This blog series is a focus on people who are working to make a difference. Whether it be on the web or in their local community, by whatever means of action, and no matter what the initiative is, these individuals striving to make whatever change are not on all occasions acknowledged their goodwill and encouragement towards others.
Through these portraits, I intend to illustrate that whomever that is aspiring to make a difference, no matter how tiny, has the power to do so. These portraits will answer several questions, from the person’s own childhood dreams to the launch and subsequent success of her project.
RUSSELL LEHMANN – PUBLIC SPEAKER / AUTISM ADVOCATE
RUSSELL LEHMANN is a 25-year-old public speaker. He advocates for autism awareness, as he happens to have autism himself. He wants to be a ‘voice of the unheard’. He is also a published author. In 2011, he published Inside Out: Stories and Poems from an Autistic Mind which was featured in the LA Times and was recognized by earning an Honorable Mention at the 2012 NY Book Festival and winning the award for Literary Excellency at the 2013 International Autistic People’s Awards in Vancouver, Canada.
I would like to thank him once again for being part of this series.
♢ In your early life, did you have any role models?
In all honesty, I have always looked upon myself has my own role model. I am a man of integrity, principles and morals, and these values have guided me through my darkest days.
♢ What career did you pursue? Was it related to your dreams and goals?
After many hits and misses, successes and failures, I ultimately pursued the career of public speaking, which is taking off like a rocket. It is directly related to my dreams and goals in that I advocate and spread awareness, acceptance and understanding about autism, which has been a huge part of my life and continues to contribute to the man I am today. My life’s goal is to use my experiences on the autism spectrum, and the lessons I’ve learned from these experiences, to help others. I can’t let all the pain and agony I’ve been through, and continue to go through, to be for nothing.
♢ What issues matter to you and why? Have you ultimately decided to shed a light on them? How has it affected you?
The issue of mental health is very important to me due to the fact that it has been a major part of my life. I travel the country giving speeches about not only autism, but other disabilities as well. I take pride in being a voice for the unheard, for I know how frustrating and challenging it is to go unnoticed. I’m honored and humbled to be able to give hope to families and parents who are concerned with their child’s future, just as my parents once were.
The feedback I receive after each speech I give, individuals walking up to me in tears, thanking me for speaking up, is the best feeling in the world.
♢ How did you come up with the idea of becoming a speaker?
I decided to become a public speaker due to the fact that I knew I could help countless families and individuals by simply sharing my story, and the lessons I’ve learned from all the ups and downs I’ve faced. I have come a long, long way in life, from an extremely low-functioning individual with autism, who could barely take care of himself, to a successful, confident young man, who takes pride in embracing anything life may throw at him.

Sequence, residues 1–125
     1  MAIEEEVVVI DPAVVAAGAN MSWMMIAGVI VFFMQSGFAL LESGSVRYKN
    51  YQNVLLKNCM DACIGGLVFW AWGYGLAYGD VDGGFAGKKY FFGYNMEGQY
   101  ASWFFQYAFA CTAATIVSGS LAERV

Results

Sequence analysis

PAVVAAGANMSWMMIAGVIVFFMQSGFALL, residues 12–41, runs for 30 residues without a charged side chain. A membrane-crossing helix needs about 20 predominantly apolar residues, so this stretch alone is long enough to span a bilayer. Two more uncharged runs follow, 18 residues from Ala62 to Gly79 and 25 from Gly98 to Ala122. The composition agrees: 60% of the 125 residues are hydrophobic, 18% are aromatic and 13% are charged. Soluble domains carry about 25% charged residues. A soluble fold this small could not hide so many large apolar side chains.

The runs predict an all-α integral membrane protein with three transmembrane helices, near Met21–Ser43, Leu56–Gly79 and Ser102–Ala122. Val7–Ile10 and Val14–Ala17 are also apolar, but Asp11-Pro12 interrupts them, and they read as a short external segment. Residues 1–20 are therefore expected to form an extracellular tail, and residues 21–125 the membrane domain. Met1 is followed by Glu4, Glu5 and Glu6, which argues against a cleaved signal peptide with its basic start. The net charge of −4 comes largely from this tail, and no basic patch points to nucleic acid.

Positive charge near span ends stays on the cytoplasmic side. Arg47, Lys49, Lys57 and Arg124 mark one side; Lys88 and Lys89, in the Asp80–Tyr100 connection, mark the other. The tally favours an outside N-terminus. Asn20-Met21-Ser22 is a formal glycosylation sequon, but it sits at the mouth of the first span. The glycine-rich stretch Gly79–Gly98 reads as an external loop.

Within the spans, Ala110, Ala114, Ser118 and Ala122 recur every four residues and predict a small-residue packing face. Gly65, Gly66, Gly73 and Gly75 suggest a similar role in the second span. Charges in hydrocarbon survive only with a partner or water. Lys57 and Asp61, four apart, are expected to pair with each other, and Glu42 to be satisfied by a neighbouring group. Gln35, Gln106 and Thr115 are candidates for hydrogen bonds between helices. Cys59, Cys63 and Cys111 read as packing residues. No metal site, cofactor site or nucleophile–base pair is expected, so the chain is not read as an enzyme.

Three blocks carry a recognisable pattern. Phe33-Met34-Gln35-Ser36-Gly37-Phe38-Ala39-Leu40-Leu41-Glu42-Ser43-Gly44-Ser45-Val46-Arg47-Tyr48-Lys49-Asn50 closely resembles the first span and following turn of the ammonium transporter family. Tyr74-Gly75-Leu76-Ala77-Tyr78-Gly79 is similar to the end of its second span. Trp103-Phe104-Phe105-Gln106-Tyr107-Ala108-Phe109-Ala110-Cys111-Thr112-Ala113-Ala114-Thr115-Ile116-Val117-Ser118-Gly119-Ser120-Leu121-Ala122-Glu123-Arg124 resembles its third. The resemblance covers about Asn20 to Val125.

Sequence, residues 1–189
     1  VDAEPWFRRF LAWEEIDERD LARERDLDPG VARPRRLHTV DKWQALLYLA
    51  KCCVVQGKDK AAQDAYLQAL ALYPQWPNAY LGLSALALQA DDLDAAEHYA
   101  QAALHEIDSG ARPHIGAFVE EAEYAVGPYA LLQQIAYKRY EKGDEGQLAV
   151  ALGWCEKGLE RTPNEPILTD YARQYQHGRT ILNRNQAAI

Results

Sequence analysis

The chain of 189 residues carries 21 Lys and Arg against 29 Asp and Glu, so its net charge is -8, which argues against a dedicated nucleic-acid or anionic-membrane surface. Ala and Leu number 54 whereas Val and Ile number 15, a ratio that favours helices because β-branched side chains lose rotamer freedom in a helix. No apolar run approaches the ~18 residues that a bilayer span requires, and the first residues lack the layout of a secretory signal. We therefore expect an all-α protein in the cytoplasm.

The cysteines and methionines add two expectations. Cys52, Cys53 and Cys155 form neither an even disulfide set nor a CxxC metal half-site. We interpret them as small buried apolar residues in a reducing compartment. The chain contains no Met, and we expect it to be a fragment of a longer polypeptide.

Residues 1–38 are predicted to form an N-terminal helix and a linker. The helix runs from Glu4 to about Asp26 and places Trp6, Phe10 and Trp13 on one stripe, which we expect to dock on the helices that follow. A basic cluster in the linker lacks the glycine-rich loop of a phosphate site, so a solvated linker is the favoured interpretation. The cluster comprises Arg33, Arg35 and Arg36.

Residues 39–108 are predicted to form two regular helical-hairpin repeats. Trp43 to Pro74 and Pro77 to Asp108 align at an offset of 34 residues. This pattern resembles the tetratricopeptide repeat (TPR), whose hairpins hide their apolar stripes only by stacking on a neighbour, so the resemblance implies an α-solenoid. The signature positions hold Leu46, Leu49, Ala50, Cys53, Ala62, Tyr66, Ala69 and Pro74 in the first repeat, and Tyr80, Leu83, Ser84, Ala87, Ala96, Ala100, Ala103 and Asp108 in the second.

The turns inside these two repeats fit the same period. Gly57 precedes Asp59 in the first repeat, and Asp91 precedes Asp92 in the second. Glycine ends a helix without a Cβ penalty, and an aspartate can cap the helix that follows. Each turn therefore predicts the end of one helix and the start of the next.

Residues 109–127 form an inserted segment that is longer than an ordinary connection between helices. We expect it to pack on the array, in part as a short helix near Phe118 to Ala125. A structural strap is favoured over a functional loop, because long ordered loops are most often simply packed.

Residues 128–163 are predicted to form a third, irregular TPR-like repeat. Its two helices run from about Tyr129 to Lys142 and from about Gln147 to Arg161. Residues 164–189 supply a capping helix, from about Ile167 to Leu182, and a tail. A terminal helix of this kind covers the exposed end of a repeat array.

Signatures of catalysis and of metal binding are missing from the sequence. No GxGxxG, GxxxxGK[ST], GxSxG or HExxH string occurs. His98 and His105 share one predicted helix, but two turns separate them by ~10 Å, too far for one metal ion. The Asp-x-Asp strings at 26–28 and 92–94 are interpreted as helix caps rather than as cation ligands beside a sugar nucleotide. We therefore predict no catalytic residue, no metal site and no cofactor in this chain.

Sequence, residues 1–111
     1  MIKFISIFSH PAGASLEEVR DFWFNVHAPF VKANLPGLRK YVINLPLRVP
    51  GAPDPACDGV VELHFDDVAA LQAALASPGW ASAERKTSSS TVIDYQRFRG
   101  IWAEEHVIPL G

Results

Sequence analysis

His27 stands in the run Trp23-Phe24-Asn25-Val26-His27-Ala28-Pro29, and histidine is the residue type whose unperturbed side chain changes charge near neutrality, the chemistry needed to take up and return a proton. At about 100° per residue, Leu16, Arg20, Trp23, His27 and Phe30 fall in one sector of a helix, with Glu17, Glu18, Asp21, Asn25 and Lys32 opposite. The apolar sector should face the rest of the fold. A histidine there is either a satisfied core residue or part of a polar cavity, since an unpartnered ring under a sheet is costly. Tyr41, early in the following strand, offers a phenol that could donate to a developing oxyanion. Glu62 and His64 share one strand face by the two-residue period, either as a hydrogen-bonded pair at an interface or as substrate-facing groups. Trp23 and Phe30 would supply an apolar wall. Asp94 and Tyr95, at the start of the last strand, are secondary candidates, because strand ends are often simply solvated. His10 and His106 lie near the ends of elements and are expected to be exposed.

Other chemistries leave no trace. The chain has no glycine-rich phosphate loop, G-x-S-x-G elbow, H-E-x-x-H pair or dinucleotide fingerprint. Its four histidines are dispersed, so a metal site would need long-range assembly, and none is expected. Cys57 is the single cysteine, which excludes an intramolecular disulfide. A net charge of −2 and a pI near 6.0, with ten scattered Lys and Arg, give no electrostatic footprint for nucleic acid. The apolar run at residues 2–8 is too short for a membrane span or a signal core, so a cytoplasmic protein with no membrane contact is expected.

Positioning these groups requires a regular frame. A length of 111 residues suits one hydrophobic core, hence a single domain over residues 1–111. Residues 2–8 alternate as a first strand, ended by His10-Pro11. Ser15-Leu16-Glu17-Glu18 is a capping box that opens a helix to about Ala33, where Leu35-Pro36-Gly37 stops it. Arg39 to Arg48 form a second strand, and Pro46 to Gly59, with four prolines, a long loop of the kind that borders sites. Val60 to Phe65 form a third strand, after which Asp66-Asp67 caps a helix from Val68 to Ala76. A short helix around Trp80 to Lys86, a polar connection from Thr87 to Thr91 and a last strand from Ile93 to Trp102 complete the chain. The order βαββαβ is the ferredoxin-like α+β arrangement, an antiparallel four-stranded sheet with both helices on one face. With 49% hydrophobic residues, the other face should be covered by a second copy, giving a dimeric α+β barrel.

♢ Did you have any objectives in mind when you started?
My main objective when I started speaking, and which still holds true today, is to let others know that there is no limit for how much they can progress in life. When we take the risk of pushing ourselves outside of our comfort zones, the capacity for personal and emotional growth is exponential.
♢ What encouraged you to keep working on such a project?
Knowing how many lives I’ve changed, and how many people I’ve helped, greatly encourages me to never stop advocating for those who are going through dark times. I have been through many, many dark times in my life, and I feel that it is my duty to help show others the light.
AN ACCOMPLISHED PROJECT
♢ Did you encounter any difficulties while advocating for this cause?
It is always difficult to say “If I can do it, then you can do it” because no two people are the same. We all have our unique challenges, and our own way of overcoming these challenges, so when I speak, it is a tricky balance between sharing my story and motivating others to succeed in their own struggles, for I will never know what each individual goes through.
Unifying and coming together to embrace our challenges, and to run towards them, instead of away from them, is a message that I believe everybody can relate to.
♢ What is your favorite thing about taking part in such meaningful actions?
The impact I have on others, motivating them to be the best version of themselves that they can be, is extremely rewarding to me.
♢ As of today, what are you most proud of as regards to advocating?
My proudest moments are when I inspire others to not give up, but to keep going, because life DOES get better, you just have to believe it will. Establishing hope and confidence in others in order to save lives is tremendously gratifying to me.
♦︎ WHAT WOULD YOU TELL A YOUNG PERSON ASPIRING TO MAKE A DIFFERENCE?
Go all out in your endeavors. Give everything you have to your willingness to make a difference in this world. Always follow your heart, and dream big. Believe in yourself, and soon others will believe in you as well.
Thanks again to Russell for accepting the interview!
Missed one post of the Making A Difference — Portrait series? Check it out now:
- Part 1: Dani DiPirro, the author & blogger behind ‘Positively Present’
- Part 2: Chelsie Prince, founder of Proud and Pretty In Pink
- Part 4: Naomi Lea, mental health campaigner & volunteer
- Part 5: Carla, founder of Run The World Association